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Christmas Day family games:
Timeline: 2 – 8 players, a very simple but superior quiz-type game.
Dixit: 3 – 6 players, simple but requires a bit of imagination. Excellent fun and entirely harmless.
Letters to Santa: A Christmas-themed version of the very popular Love Letter ideal as a small gift that can be played immediately. The only drawback is that it is only for 2 – 4 players.
Coup: A predecessor to Love Letter, 2 – 6 players, and up to 10 with the Coup: Reformation expansion. I will happily play either game, though I'm rubbish at both.
Braggart: 2 – 6 players. If you don't have a copy of this yet, it is time you put that right.
Walk the Plank: 3 – 5 players. A game of swift revenge, with a bit of planning that usually goes wrong.
Colt Express: 2 – 6 players. Similar to Walk the Plank, but with a rather fine 3d train to push people off instead of a ship's plank.
Librium: 2 – 4 players, though it can easily be stretched. Current favourite dexterity game.
Also worthy of mention Pass the Pud, (4+ players) a Christmas version of the established favourite Pass the Bomb, The Big Bang Theory: The Party Game (3-7 players), and Concept (4-12 players).
Children and adults:
Penguin Pile-up: 1 – 6 players. My other favourite dexterity game.
Dobble: 2 – 8 players. A sort of Super Snap, it requires a younger, sharper brain than mine...
Dodekka: 2 – 6 players. A very simple numbers game that I am always happy to play, there is a push-your-luck element that gives it an edge.
Three Little Pigs: 2 – 5 players. On the face of it, aimed at children, but a good lightweight adults' game too. I really like it – I have my own copy, perhaps a sign that I haven't really grown up yet.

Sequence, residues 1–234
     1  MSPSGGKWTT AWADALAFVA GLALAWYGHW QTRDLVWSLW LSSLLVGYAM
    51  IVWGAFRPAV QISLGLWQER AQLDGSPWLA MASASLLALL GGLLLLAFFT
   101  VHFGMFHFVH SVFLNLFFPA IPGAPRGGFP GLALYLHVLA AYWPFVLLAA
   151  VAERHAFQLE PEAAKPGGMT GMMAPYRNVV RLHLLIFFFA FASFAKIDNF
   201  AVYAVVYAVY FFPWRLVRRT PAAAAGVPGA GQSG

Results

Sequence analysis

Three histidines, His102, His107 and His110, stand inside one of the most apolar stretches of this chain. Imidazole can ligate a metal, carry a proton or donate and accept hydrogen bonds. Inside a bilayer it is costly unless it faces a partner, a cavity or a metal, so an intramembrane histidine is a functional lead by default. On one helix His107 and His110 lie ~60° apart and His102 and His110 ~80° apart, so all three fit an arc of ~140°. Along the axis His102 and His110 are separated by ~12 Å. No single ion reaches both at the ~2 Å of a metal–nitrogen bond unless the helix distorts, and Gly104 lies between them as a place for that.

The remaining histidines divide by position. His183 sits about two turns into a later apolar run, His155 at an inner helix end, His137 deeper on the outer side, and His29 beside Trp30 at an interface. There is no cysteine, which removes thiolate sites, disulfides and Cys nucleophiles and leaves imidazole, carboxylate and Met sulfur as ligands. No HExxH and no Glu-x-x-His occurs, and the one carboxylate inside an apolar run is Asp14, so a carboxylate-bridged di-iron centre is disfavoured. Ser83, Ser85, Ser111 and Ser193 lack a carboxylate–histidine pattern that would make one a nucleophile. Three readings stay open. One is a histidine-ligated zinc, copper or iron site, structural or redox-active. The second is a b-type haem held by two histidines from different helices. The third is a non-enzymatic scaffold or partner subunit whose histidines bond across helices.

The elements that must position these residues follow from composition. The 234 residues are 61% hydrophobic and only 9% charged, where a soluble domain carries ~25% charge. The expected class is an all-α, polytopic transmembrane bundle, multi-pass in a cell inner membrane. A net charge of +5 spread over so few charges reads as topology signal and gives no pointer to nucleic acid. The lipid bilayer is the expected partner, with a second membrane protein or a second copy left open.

Rory's Story Cubes: 1+ players. A highly effective way of getting a general story-telling session going.
Christmas Day gamers' games: These will appeal to existing gamers initially but are likely to win over anyone else not asleep after the Christmas lunch.
Splendor: 2 – 4 players. Simple in essence, can be explained in a couple of minutes, but hard to win.
King of Tokyo: 3 – 6 players. Monster themed dice game. Win by scoring most points or, as often as not, simply being the last survivor. Also easy to explain to new players. The very slightly more complex King of New York is just out as a fine alternative.
Eight-Minute Empire: 2 – 4 players. A satisfying area control/set collecting game that can be whipped out and played at the drop of a hat. Could conceivably be played in eight minutes, twenty minutes is typical. There is also the slightly enhanced version with a fantasy theme Eight-Minute Empire: Legends
Steam Donkey: 2 – 4 players. My favourite new card game, with a novel system but easy to pick up, and very thematic.
Ascension: 2 – 4 players. About the easiest of the deck-building games, very easy to teach to newcomers. For those familiar with Ascension I also thoroughly recommend the new Star Realms (2 player with one pack, or several interesting 4 player options with two packs).
Buccaneer Bones: 1 – 4 players. Dead easy to pick up, and only about 15 minutes long, but with a bit of strategy to consider.
A Fistful of Penguins: 1 – 6 players. We often play this in pub gardens where card games would get blown away. It has purple penguins, what more do you need?
D&D Starter Set: If you want to get into role-playing, this is the easiest introduction. Only one person needs to know (roughly) what he or she is doing, up to half a dozen others can be gathered round and plunged in.